The Revd.

Matthew J Hughes

01689 856931

Associate Rector   

The Revd.
Stephen Broadie
 07722 428553

June Leader: 

If I was to ask you what important Church festival always falls on the Thursday after Trinity Sunday and always 60 days after Easter, you might well scratch your head. Just in case you have forgotten, the answer is, of course, the feast of Corpus Christi, (Latin for the body of Christ), or as it called in the Church of England, a day of Thanksgiving for Holy Communion.

That this feast is not as well observed as other important times in the church’s year is something of a pity, as it can give us a useful opportunity to reflect on the part that Holy Communion plays in our faith.

The lockdown has, of course, brought many losses to all of us. One loss that we might not have been overly aware of is the loss of receiving Holy Communion and I wonder how this has felt for the many people who have not been able to take Communion for well over a year? Holy Communion was given to us by Our Lord to bring to life his sacrificial death and for us to be reassured of his forgiveness and presence through the reception of the bread and wine. As St Paul writes; ‘every time we eat the bread and drink the cup we proclaim the Lord's death until he comes again.’ 1 Corinthians 11:26.

Through the taking of Holy Communion we are able to reunite ourselves to the Lord's sacrifice, to hear his words of forgiveness, to be reinstated as his son or daughter, to be fed and nourished with Christ's resurrected life and love. Communion is a moment of intimacy, togetherness, faith and trust. It is unique, irreplaceable and the particular offering of the church and its priestly ministry. During the lockdown I was never one to celebrate Holy Communion online. For me Holy Communion is something that is celebrated in person with the priest and people united in offering to God thanksgiving (Eucharist) and praise.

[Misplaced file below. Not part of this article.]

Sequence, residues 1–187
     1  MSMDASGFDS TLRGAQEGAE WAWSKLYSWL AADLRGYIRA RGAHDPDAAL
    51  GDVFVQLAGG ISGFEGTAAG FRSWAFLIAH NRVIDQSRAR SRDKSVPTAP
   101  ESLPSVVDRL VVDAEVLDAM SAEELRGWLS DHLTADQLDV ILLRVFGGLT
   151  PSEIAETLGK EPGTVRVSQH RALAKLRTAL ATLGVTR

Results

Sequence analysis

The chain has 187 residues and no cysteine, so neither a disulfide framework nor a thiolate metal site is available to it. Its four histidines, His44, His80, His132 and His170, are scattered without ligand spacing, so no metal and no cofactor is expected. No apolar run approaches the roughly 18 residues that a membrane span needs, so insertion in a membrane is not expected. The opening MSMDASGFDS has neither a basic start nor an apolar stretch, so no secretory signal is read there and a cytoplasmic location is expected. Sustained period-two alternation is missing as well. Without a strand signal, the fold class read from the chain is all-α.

As we gradually emerge from Covid hibernation, I hope and pray that we will once again be restored as a Eucharistic community, in other words a community that breaks bread together. Whether in church, or at home, in the open air or in a nursing home let us celebrate the sharing of the bread and wine. This is the service that distinguishes us as Christians and unites us together, ‘though we are many we are one body because we all share in the one bread.’ Over the next few months there will be increasing opportunities for us to return to the practice of regular church going. For some this will feel strange and hard, as other activities may have taken over. However, if we can find a hunger in ourselves for the peace we receive through Holy Communion then attending church will be our chief priority and joy.